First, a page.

Jamon Iberico is reckoned to be the finest Spanish jamon and the finest in the world. Iberico pigs are black and are the original breed of swine in Spain. There are cave paintings depicting this animal. Free to roam the mountain pastures and eat acorns (bellota) from the oak forests these black hooved, hence 'pata negra', pigs are larger than the white pig and much fatter although with more slender legs, reflecting their need for increased agility in a mountain environment. Well that is the romantic version. Nowadays Jamon Iberico is produced from the Iberico pig that has been fed corn and other pig feed. They are semi wild in as much as they can roam a large pasture but are no longer free to gambol in the mountains. The villages and towns in the Sierra de Aracena, Cumbres and Cortegana, are where you need to be to try this jamon.
Jamon Iberico de Bellota is produced from the Iberico pig that has, for the last three to four months of its life, been allowed to feed freely in the dehesa. Centuries ago, by Royal decree, every village in western Spain maintained a pasture studded with holm and cork oaks that was used communally for firewood, making cork and feeding cattle and pigs on the acorns. This typically western Spanish landscape is called the dehesa. The ham produced in this fashion is the most expensive, most exquisite, most flavoursome, fattiest ham you will ever enjoy. Jabugo in the Sierra de Aracena in Huelva province is the place to go to sample Jamon Iberico de Bellota.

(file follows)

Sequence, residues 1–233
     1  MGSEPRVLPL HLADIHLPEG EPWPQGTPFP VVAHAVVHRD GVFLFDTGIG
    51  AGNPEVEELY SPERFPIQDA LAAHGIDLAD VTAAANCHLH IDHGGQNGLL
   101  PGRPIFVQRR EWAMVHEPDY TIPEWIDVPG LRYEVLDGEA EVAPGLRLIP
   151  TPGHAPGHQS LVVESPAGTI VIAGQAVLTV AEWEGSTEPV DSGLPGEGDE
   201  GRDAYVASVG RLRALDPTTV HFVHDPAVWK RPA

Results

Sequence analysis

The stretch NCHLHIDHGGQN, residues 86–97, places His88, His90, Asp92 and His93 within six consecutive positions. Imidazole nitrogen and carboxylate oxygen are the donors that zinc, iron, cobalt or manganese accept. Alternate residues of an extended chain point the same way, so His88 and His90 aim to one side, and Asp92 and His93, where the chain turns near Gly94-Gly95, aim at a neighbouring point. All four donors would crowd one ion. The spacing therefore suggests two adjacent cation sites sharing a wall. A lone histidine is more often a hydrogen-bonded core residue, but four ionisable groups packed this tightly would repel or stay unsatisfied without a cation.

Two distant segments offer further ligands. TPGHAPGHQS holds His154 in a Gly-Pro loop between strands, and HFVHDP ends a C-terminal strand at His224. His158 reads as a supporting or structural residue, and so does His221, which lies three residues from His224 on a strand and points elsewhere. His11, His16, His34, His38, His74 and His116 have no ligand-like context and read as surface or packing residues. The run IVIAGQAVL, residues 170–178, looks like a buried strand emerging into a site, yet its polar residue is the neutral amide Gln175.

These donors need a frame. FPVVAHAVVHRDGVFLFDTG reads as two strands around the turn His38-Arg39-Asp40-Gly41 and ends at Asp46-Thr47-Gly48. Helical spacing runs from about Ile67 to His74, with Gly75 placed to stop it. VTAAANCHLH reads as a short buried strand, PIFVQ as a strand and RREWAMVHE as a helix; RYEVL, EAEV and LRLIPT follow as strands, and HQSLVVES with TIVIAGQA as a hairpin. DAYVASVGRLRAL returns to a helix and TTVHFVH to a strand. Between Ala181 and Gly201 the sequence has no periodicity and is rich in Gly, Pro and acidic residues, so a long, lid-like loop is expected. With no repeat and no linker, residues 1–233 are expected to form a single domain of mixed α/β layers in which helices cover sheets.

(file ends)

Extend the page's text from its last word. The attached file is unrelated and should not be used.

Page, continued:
How to recognise good jamon
Unless you are buying whole hams then the labels and badges attached are of little use. After sampling too many plates of jamon at the last Estepona Festival I am going to tell you how to recognise good jamon.
First the packet. It should be labelled Jamon Serrano, Jamon Iberico or Jamon Iberico Bellota. Within each broad section you are looking for a dark red meat with yellow fat cut razor thin. The darker the meat and the more yellow the fat the better will be the taste and texture and the price should reflect that.
Bright red meat and white fat indicate a somewhat chewy, less intense flavoured ham perfectly suited to cooking, try it with broad beans, the famous 'habas y jamon' dish served all over Spain as a tapas.
The dark, almost black meat richly marbled with golden yellow fat is too precious to use in cooking. This is a treat on its own accompanied by some strong cheese and a dish of olives.More Events articles
Go to: Estepona town
Cycling in Estepona municipalityEstepona Town Cycle Track
To the top of Los Reales
Estepona to Genalguacil
Museums in Estepona municipalityPaleontological Museum
Places to go in Estepona municipalityMurals, Mermaids and Museums
Orchid House or Orquidarium and Botanical Garden
Playa del Cristo Beach
Take a Safari at Selwo Aventura
Andalucias Best Kept Secret
Villages in Estepona municipalityCosta del Sol | Estepona, Garden City of the Costa del Sol
Walking in Estepona municipalityWalk of the Lonesome Pine
How to get thereEstepona Paseo
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About the Author
Nick has lived and worked in Andalucia for over 20 years. He and his partner, Julie Evans, have travelled extensively and dug deep into the history and culture, producing authoritative articles on all aspects of the region. Nick has written four books about Andalucia and writes articles for other websites and blogs.